Nestlé needs to stop violating baby milk Code says new board member, Veneman - ex UNICEF Director. Guards stop health campaigners seeing Ms Veneman before the AGM
Nestle Shareholder Meeting, Lausanne, Switzerland 14th April 2011
Former head of UNICEF, Ann Veneman, joined Nestlé's board yesterday after Nestlé security and newly appointed Vice-President, Janet Voûte (1) stopped Baby Milk Action and GIFA members from speaking with her prior to her appointment.
The health campaigners were calling on her to reconsider, or at the very least make her joining the board conditional on Nestlé bringing its baby food marketing requirements into line with the International Code of Marketing of Breastmilk Substitutes and subsequent relevant WHA Resolutions, championed by UNICEF and WHO.
In a Reuters report the previous day (2) UNICEF, had distanced itself from Ms Veneman. UNICEF spokeswoman Marixie Mercado said: "Ms. Veneman left UNICEF nearly a year ago and is now a private individual. UNICEF would not presume to comment on any personal choices. I can confirm that UNICEF does not take funding from Nestle. I can also confirm that Nestle violates the code."
Ms Veneman was duly voted onto the Board by 98.7% of the Shareholders who were present and later pledged in a statement to the Associated Press (3) "to take up a fight from within to change Nestlé's marketing of breast milk substitutes" and to have "acknowledged Nestlé isn't fully complying with a voluntary breast milk code adopted by World Health Organization but would work from within to change the world's biggest food and beverage company."
In the Reuters report Nestlé had attempted to suggest it was already compliant, with Nestle spokesman Robin Tickle quoted as saying Veneman would help "ensure our continued full compliance" with the Code. Nestlé Executives also claimed that the recent addition to the FTSE4Good ethical investment listing was a sign it complied with the Code. However Nestlé was only admitted after the standards were weakened in September 2010 so now a FTSE4Good listing does not require companies to comply with the UN marketing standards. Nestlé's marketing practices will be assessed by FTSE4Good in 2 countries and the company will be excluded once again if it does not respond positively to the recommendations in the resulting assessement report. (4)
Following the AGM, Patti Rundall, OBE, Policy Director of Baby Milk Action and Ina Verzivolli of IBFAN GIFA did secure an interview with Ms Veneman and were able to explain how Nestle was misinterpreting the FTSE4Good listing. She was given a copy of IBFAN's latest independent monitoring report, ‘Breaking the Rules,’ which shows how Nestlé continues to be a major violator of the UN requirements. Throughout the discussion Janet Voûte kept trying to prise Ms Veneman away, insisting that the FTSE listing did mean that the company was considered to be code compliant and that it would be far more effective if the campaigners did more breastfeeding promotion (instead of monitoring) and used the "carrot AND stick " approach.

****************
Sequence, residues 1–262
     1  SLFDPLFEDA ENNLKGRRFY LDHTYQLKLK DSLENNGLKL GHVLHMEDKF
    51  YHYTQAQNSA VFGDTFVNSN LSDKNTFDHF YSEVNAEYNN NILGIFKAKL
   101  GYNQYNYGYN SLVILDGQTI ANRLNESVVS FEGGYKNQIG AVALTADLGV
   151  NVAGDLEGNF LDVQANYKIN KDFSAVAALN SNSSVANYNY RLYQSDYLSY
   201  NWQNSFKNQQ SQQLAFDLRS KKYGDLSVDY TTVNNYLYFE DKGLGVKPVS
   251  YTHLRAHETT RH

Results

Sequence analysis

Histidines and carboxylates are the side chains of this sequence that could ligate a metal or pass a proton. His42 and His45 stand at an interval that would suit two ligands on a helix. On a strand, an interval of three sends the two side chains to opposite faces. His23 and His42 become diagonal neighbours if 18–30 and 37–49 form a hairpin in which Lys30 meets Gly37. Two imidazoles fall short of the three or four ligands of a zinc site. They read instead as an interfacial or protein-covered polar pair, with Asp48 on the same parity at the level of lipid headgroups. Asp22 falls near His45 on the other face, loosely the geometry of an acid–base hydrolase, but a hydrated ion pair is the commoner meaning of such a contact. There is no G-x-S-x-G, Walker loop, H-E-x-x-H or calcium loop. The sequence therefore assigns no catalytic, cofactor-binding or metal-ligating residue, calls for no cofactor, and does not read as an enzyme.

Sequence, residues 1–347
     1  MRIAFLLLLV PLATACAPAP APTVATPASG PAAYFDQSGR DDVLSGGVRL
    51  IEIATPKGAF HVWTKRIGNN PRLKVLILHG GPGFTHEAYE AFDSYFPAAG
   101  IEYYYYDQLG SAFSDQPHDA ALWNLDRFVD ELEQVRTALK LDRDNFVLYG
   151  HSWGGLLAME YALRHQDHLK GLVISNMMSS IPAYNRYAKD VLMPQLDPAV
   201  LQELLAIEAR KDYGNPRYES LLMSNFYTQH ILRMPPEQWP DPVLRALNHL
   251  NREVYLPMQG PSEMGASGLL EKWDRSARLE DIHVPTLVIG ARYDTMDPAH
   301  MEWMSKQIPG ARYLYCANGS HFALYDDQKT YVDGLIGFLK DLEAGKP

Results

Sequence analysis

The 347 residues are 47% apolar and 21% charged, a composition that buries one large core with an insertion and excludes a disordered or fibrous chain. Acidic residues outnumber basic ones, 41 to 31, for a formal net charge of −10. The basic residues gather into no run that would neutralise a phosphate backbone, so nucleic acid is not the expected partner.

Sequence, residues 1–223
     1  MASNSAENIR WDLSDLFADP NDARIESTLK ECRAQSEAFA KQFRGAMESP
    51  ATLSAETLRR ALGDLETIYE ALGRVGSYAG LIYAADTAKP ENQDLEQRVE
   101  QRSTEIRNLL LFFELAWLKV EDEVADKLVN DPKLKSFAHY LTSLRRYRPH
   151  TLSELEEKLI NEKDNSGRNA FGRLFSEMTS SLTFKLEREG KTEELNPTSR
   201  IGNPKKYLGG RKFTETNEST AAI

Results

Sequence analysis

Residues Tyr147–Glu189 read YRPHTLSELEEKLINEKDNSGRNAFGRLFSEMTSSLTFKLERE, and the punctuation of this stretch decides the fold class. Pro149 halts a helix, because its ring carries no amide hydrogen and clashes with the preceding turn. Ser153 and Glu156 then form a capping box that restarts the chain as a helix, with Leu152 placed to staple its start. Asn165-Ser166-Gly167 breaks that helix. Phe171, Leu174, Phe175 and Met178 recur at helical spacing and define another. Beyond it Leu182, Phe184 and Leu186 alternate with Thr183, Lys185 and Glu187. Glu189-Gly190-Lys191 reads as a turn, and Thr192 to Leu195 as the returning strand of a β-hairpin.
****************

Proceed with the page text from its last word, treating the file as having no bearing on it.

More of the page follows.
After listening and looking at the evidence Ms Veneman did seem to change her position, and later admitted to Associated Press that Nestle's practice was a problem and needed to change. Earlier to the Dow Jones Newswire (5) she had been reported as saying: "Nestle's policies are consistent with those of the World Health Organization. I will make sure that the code is complied with during my time on the board," In the same report Nestle claimed to be "fully compliant with the WHO codes"
Patti Rundall said: "I really welcome Ms Veneman's comment that Nestlé needs to change, but was disgusted that Nestlé guards and Janet Voûte should stop me from speaking to her before her appointment. Do they think they own their Board members? Sadly my experience leads me to be skeptical about the strategy of working from within to change this company - Ms Veneman will certainly have her work cut out to achieve the signifant changes that are necessary to protect infant health. Many others have tried, for example by investing in the company, but this has resulted in little more than clever PR words. Indeed, the Methodist Church has had to repeatedly complain that its decision to invest to change Nestlé has been used by the company to falsely suggest it is happy with its ethical behaviour. The fact is, campaigns such as the Nestle Boycott and the independent monitoring that exposes bad practice all help governments bring in the strong legislation thats needed to bring effective long-term change. In this way we have indeed brought about some significant changes in Nestle's marketing and those of other companies - but its inevitably a long haul - we are talking about very lucrative products. I hope Ms Veneman will agree to meet us again to work out an effective strategy to bring an end to the marketing practices that are so harmful to child health. If she could get Nestle to commit to stopping all health and nutrition claims on foods and formulas for infants and young children it would be a great start!"
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